In this day and age where farmers are leaving their own agricultural land due to lack of security, profit, and future potential, there is hardly any farmer who wants their children to stick to their family profession.
But the interesting part here is that modern youth is leaving behind maddening crowd and getting serious towards farming. In fact, some of the young men and women are knowingly choosing agriculture as their field. They literally want to create jobs for many, not to find job for themselves. There are also those who even leave their hefty-paying job like a 27-year-old M.Tech Professor Vallari Chandrakar. She quit her job to start her own farm in her village in Chhattisgarh. Currently, she is earning a lot of fortune.
Vallari Chandrakar belongs to Sari village, Bagbahara, Chhattisgarh. In 2012, she completed her M.Tech in Computer Science and started as assistant professor. Her career graph was gradually growing and she was doing well. During holidays, she came back to meet her family in her village. This is where things started to change.
How Vallari Chandrakar Decided to Start Farming?
She observed farmers were still using traditional methods to cultivate their lands. She felt it as one of the main reasons eating up the overall profitability and productivity of farmers. She also felt that farmers don’t have any technical skills and they also don’t want to move to modern techniques of farming. In 2016, she chose to quit her job and decided to bring change and she started her full-time farming in her village.
Virtually every single day, we come across the news about farmers getting into debt and committing suicide. Due to excessive flood and rainfall or extreme draught or lack of rainfall, their crops get wasted. Farming on 15 acres of farmhouse land bought by her father is one of the very bold steps by Vallari.
She found his land perfect for faming. So, she initially planted vegetables there. In her village, people cultivate broad beans, tomatoes, bitter gourds, cucumbers, gourds, capsicum and chilies. She cultivated them and she also exports them to various states. As per the demand, she supplies vegetables to Bhopal, Delhi, Odisha, Indore, Bengaluru, and Nagpur. She cultivates finest vegetables which have huge demand in Delhi and even in Israel.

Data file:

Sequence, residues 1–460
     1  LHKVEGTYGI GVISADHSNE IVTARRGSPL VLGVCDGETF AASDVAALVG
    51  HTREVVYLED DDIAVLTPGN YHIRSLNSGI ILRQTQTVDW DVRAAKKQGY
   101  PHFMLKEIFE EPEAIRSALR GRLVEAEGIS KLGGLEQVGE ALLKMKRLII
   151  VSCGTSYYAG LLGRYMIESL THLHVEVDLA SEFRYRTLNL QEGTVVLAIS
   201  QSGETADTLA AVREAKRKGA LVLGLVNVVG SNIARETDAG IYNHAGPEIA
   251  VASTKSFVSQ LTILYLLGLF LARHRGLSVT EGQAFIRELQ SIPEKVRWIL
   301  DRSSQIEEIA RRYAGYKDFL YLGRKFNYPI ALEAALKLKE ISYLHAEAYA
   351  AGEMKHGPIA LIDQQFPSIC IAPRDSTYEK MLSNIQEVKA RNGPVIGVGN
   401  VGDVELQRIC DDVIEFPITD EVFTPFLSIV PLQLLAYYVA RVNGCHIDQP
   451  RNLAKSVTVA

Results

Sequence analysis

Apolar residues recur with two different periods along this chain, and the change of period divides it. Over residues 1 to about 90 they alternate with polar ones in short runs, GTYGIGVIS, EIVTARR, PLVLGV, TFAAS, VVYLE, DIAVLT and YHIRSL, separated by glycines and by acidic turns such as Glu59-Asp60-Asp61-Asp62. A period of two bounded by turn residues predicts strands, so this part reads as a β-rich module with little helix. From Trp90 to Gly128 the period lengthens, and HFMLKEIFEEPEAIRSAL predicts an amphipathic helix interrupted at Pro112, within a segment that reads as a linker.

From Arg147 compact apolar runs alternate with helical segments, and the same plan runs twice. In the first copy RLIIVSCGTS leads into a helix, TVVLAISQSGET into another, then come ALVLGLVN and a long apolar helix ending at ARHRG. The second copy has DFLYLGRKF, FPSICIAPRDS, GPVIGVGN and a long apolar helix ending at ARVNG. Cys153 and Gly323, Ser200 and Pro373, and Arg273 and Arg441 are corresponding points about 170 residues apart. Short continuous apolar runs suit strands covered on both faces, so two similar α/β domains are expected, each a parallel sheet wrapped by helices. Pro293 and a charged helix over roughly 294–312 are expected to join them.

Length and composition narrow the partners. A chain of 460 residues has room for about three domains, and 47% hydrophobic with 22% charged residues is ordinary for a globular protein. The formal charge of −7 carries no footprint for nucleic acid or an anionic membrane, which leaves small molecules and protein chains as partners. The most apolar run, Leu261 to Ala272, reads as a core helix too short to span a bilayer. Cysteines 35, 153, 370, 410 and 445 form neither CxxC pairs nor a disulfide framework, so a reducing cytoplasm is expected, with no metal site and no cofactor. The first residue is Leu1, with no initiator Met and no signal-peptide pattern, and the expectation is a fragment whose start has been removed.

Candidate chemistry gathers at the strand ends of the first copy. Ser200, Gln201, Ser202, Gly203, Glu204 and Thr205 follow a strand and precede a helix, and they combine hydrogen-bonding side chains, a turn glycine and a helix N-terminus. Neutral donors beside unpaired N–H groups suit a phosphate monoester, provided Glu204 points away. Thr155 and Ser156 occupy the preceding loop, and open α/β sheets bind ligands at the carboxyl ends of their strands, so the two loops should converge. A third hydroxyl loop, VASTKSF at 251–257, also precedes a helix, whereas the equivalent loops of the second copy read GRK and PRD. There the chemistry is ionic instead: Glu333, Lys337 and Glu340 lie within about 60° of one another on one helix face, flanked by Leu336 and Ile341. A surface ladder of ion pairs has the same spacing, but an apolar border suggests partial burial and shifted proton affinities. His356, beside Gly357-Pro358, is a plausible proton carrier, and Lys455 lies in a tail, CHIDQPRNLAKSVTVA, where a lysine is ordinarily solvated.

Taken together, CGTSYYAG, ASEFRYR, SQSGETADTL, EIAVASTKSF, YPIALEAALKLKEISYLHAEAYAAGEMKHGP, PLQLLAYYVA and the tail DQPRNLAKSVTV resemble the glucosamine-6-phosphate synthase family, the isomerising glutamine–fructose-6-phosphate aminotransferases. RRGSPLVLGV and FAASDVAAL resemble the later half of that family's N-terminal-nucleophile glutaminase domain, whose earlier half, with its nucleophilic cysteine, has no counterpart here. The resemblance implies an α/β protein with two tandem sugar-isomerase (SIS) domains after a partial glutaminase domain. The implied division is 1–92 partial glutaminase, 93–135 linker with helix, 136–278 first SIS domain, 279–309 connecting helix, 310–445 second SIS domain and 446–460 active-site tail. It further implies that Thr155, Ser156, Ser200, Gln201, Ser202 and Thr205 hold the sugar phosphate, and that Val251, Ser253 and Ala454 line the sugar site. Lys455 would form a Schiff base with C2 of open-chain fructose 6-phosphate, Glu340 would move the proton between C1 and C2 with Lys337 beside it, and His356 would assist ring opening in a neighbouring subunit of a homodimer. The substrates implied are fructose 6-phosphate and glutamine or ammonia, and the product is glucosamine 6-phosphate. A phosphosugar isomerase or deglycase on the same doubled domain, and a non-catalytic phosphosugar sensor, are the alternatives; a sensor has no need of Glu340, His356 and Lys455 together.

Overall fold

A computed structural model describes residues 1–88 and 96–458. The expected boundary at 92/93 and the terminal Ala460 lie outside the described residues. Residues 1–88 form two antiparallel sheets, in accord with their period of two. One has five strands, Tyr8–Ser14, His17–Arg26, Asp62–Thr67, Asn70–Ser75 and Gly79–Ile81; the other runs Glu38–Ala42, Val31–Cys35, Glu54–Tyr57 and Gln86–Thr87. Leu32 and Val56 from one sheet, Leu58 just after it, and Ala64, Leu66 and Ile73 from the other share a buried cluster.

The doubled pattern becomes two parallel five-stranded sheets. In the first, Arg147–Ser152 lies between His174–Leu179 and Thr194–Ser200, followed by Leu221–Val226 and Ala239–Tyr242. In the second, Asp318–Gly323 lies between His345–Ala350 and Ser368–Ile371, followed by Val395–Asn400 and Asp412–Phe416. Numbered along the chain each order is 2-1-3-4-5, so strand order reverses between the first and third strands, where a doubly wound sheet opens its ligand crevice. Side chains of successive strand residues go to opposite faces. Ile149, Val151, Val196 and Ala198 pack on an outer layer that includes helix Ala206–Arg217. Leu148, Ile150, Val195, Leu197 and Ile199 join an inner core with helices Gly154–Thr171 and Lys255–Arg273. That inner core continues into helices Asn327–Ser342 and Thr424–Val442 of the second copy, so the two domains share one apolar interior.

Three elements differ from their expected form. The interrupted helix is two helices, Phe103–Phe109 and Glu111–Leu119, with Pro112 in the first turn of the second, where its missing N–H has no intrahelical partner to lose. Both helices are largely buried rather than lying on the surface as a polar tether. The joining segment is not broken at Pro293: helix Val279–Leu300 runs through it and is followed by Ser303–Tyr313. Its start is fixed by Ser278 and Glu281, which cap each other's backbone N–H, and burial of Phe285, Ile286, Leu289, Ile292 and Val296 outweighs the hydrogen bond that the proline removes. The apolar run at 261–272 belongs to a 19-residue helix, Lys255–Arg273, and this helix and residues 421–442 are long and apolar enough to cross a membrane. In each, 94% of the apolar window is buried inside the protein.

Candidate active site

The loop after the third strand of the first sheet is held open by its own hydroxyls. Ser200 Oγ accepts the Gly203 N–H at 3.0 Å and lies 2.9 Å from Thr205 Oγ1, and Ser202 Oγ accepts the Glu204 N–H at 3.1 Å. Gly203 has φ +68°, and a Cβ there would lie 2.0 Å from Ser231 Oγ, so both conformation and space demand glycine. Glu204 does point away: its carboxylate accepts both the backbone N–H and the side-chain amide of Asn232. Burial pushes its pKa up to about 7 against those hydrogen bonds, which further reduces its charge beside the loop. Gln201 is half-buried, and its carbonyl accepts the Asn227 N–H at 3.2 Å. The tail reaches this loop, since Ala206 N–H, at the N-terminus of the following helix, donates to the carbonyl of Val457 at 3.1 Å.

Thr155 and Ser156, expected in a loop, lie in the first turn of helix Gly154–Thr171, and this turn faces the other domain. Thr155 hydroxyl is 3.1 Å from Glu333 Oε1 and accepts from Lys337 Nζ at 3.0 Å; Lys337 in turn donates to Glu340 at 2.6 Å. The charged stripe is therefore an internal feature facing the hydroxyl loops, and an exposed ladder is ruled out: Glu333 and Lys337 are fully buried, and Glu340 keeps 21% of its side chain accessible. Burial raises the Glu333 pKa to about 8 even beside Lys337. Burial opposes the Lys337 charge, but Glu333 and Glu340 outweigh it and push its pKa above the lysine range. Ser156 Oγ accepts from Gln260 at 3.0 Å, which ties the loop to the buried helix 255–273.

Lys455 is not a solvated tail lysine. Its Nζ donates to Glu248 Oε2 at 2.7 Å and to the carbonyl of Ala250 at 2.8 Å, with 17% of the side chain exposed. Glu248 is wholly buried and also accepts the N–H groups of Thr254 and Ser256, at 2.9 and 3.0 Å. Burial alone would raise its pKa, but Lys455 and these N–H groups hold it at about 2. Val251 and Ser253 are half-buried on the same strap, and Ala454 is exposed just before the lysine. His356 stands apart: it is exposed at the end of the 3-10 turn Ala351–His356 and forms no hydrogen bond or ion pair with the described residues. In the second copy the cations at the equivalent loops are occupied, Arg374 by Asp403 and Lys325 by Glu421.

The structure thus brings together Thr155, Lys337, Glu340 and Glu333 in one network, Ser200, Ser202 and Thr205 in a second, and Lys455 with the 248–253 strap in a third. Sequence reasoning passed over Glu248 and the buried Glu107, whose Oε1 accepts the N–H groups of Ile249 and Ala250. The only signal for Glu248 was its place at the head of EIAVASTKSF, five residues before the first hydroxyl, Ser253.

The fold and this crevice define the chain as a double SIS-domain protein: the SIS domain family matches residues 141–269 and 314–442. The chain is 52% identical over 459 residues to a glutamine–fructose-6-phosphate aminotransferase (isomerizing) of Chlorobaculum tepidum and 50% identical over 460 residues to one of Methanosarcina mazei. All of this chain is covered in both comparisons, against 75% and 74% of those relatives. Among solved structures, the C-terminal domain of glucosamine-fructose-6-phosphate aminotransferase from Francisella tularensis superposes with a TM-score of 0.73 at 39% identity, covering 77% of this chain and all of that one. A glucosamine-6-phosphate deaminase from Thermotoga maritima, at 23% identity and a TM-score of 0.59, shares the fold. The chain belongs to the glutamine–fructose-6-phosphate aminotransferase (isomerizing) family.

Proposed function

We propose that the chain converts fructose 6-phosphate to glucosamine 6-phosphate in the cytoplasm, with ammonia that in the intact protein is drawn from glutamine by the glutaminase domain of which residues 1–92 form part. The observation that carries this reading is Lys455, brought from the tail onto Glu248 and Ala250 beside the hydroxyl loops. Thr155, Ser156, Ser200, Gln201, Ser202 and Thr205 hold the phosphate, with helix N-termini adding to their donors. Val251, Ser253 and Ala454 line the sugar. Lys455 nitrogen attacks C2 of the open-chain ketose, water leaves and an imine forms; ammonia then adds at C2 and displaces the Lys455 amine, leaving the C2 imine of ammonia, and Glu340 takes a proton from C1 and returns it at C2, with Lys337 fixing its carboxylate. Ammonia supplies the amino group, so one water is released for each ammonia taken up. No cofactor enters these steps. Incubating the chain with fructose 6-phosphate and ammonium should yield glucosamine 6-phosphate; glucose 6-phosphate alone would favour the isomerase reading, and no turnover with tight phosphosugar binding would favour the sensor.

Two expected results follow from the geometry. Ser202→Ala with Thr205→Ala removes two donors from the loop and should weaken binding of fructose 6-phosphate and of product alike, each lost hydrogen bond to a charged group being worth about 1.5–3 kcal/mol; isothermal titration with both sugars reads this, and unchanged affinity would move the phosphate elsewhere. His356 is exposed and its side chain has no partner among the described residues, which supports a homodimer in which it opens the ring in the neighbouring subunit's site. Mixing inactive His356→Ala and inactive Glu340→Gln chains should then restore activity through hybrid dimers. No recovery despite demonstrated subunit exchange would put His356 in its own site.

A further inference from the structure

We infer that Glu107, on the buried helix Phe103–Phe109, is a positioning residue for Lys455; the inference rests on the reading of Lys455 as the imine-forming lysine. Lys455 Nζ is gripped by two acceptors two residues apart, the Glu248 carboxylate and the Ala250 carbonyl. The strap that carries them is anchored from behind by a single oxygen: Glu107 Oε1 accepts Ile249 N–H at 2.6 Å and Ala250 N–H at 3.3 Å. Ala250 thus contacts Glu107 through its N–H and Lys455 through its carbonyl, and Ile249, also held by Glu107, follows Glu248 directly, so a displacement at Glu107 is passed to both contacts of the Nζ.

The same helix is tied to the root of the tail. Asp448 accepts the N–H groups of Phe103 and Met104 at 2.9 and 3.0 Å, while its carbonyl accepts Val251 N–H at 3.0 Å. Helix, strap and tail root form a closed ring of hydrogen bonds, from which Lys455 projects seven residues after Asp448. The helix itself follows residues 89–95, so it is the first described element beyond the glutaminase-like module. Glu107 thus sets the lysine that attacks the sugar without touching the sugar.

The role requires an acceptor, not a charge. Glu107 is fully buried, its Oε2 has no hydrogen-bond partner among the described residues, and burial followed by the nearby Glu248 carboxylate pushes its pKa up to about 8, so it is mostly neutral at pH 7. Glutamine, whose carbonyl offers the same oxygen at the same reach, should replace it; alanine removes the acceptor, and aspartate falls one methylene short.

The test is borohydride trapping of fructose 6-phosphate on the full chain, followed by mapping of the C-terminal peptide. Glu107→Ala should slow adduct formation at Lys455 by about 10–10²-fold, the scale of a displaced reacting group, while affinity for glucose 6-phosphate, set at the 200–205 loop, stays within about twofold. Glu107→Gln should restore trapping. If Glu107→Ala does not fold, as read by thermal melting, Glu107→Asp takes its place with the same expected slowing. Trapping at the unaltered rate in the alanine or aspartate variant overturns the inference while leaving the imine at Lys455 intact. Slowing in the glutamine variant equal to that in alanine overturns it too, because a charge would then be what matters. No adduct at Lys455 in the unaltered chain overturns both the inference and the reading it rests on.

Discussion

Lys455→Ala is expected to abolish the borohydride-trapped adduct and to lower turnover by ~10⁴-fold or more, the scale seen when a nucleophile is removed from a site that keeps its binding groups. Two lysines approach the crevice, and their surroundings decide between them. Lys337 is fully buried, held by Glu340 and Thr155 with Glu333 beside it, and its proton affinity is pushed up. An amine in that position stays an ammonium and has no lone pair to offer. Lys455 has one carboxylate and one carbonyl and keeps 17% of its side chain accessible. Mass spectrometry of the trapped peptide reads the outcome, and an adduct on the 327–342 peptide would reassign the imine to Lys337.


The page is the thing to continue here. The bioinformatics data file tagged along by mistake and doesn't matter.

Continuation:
Sadly, we seldom take or even think of taking any step to improve the condition of farmers in India. We constantly blame on government, system and others and even debate in social media, with friends, family or colleagues on tea time about that matter.
On the other side, there are still many farmers in developed countries who lead well-filled and healthy living just by farming. Not go anywhere else, even in Punjab and Haryana, farmers enjoy decent and even luxurious lifestyle with farming. On the other parts of the country, farmers are struggling hard to manage their needs.
Vallari Chandrakar Difficulties
People started calling her an educated illiterate when she started farming after quitting her job. She added, “Over the past three generations, no one chose agriculture in her family. For the first time, it was very difficult to face the middlemen, farmers, and know the market conditions. My father has an agricultural land but to build farmhouse. I quit the job because I found profit in farming.”
“Initially, it was too difficult. People took me lightly as I am a girl. I even learned local language to communicate easily. At the same time, I learned advanced farming techniques using the web. I brought farming techniques from Dubai, Israel, and Thailand to my land. People started showing interest on my produces and I started to sell them quickly thanks to the finest quality of vegetables,” she further said.
Currently, she has seven assistants from marketing and engineering field. They are helping Vallari’s ideas to flourish. She also created jobs for several farmers in her village. She is also promoting the growth of socioeconomic status. Her success has even inspired the farmers from other villages. She provides English language and computer training classes for free in her spare time to her village children. She even takes 2-hour English and computer classes for village girls in the evening. She shares her experiences with children to improve their knowledge of outside world and to better their communication skills.